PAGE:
Later that evening, in the teepee Yogiji was staying in, the inspired conversation twisted and turned through tall tales and cosmic commentary, ending in the initial planning about Woodstock, the colossal music festival to take place later that summer. Two months later, the reality was that Yogi Bhajan’s student, Tom Law, sat before hundreds of thousands of people and led Kundalini Yoga exercises and meditations that opened the historic Woodstock festival. Many of 3HO’s early members came from this gathering. Read: "Summer Solstice – A History of the Early Years"
Categories: 3HO History, Our Stories
Tags: summer solstice
Bibi Inderjit Kaur was born on January 22, 1935, in the town of Wazirabad in the district of Gujranwala which is now part of Pakistan. She was born into a devout Sikh family with a powerful lineage. Her great-grandfather was Bhai Sahib Abnasha Singh who was a known and respected saint and healer of his time. When Maharaja Ranjit Singh was stricken with small pox as a child, he was brought to Bhai Abnasha Singh for treatment. Ranjit Singh came in royal splendor with great pomp and show, and Bhai Sahib admonished him saying, “You should not have come with all this nonsense. You have disturbed my meditation!” But ultimately he did bless Ranjit Singh and assured him that even though he had already lost one eye to the disease, he would heal and his other eye would be preserved. Later in life when Maharaja Ranjit Singh held rule over the Punjab, he bestowed the title of Bhai Sahib to Abnasha Singh in acknowledgement of his deep spirituality. He told Abnasha Singh to circle as many villages as he could on horseback in one day, and these he gave to him as a jagir, or land grant, in gratitude for healing him as a child. Read: "BibiJi"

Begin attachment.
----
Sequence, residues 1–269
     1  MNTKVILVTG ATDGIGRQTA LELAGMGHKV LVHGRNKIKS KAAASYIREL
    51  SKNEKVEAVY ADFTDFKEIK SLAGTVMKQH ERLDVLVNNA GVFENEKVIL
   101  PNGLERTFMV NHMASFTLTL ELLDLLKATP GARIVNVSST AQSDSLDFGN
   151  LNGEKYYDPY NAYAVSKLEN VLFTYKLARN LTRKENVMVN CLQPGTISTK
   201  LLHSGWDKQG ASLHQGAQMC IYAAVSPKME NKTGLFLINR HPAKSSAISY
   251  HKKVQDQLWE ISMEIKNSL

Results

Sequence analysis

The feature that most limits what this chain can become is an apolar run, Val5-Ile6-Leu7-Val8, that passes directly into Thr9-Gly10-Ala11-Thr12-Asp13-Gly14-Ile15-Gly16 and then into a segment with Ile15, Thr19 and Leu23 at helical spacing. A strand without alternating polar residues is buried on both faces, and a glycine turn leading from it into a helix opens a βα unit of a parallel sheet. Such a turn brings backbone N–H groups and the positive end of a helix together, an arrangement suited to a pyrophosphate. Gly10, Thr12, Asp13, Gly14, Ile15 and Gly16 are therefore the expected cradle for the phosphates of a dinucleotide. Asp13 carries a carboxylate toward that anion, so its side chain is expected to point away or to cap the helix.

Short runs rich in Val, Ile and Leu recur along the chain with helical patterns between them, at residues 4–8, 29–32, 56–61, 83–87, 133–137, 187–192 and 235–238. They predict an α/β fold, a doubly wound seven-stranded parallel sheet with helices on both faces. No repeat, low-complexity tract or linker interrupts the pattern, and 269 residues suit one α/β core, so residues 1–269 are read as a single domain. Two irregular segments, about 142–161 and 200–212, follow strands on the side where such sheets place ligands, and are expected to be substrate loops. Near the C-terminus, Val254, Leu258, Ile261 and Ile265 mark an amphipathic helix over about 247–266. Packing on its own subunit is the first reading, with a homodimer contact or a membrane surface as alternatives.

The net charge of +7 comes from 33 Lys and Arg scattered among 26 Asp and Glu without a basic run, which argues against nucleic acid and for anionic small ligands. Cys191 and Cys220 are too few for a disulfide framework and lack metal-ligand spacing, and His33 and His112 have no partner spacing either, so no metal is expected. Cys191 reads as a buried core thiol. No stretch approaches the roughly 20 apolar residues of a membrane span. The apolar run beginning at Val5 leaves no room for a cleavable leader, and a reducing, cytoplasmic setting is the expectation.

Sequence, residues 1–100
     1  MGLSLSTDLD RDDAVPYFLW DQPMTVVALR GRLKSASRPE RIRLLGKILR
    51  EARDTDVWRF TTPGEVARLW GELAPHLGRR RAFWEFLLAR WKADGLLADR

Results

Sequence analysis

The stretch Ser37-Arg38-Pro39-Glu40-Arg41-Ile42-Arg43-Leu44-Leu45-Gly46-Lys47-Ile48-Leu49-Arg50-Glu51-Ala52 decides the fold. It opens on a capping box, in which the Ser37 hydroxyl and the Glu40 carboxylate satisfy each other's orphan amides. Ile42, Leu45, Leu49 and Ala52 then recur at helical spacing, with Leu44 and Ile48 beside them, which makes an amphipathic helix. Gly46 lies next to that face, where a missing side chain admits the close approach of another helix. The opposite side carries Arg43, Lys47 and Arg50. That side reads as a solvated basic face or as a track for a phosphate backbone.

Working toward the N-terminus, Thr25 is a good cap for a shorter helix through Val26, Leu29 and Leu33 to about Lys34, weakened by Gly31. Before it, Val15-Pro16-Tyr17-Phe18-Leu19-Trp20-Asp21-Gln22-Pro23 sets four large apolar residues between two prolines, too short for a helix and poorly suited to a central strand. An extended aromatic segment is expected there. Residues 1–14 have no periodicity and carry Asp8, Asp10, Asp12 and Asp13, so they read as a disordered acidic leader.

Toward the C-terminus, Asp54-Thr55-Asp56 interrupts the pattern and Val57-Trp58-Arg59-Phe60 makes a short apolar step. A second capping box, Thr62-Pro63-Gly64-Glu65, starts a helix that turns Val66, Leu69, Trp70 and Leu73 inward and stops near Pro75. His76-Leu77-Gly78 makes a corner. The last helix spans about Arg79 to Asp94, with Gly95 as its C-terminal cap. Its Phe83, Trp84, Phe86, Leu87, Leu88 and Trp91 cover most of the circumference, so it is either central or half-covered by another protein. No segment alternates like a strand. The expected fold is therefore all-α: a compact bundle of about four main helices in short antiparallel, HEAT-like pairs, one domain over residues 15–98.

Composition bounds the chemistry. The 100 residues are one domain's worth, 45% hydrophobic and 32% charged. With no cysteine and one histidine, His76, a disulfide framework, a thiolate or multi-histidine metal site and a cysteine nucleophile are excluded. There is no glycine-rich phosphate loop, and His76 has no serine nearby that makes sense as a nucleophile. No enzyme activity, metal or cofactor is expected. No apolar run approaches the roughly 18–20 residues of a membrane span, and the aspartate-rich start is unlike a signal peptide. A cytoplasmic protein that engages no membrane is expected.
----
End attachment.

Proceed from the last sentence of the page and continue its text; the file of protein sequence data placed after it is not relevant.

Categories: Our Stories
I finished the translation of Japji and gave it to the Siri Singh Sahib. His response. “It’s zircons, but not diamonds.” My ego was in it. My intellectual ego. My artistic ego. I was trying to be clever. I was trying to be…something. And he saw right through it. Yes, maybe it was well-written, but the vibration of it was all wrong. Two years’ worth of work. I threw it away and started over again.
“When the sun is 60 degrees to the earth, you can understand Gurbani perfectly” he told me. ” In the Amrit Veyla and the twilight hours. Those are the times of day to translate. When the sun is 30 degrees to the earth, you are half-wise and half-foolish.” Read: "Text, Subtext and Spiritual Experience in the Translation of Guru Nanak’s Japji Sahib into English"
Categories: Our Stories